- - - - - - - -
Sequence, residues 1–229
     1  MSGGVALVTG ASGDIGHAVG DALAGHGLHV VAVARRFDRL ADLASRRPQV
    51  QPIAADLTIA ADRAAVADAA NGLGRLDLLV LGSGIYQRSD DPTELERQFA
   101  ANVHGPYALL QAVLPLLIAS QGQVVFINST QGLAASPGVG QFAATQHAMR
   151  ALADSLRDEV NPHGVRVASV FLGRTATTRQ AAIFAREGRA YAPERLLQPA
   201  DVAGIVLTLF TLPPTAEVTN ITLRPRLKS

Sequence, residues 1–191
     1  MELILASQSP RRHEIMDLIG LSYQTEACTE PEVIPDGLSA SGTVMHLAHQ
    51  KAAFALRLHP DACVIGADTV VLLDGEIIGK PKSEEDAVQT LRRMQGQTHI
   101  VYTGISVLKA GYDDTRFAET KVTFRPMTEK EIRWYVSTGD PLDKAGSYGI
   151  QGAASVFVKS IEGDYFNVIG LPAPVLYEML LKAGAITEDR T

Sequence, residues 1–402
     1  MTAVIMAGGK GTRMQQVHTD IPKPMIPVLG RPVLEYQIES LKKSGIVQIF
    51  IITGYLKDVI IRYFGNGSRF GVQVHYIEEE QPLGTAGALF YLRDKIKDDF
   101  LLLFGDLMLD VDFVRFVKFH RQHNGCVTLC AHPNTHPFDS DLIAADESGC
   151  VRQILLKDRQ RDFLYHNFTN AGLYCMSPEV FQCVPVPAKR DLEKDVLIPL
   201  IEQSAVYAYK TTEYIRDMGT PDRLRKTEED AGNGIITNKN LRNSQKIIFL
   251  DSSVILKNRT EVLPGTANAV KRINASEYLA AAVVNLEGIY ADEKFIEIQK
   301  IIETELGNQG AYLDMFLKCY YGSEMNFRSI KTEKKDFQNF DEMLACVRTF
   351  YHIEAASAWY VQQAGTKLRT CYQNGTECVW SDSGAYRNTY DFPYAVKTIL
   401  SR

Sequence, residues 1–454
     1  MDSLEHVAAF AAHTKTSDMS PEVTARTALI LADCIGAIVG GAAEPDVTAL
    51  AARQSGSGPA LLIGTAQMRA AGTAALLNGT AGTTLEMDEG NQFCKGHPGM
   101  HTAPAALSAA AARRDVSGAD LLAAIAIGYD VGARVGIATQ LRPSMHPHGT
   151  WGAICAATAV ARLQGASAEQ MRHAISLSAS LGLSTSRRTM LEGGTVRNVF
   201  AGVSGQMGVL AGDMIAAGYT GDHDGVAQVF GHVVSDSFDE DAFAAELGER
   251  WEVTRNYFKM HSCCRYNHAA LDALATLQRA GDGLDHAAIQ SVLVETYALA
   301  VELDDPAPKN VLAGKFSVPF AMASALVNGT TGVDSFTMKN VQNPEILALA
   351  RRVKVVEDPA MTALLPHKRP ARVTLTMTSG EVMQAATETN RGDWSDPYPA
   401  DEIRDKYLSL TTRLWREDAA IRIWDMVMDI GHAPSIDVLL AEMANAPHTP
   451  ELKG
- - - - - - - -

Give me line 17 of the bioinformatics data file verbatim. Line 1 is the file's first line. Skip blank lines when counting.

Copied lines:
   201  IEQSAVYAYK TTEYIRDMGT PDRLRKTEED AGNGIITNKN LRNSQKIIFL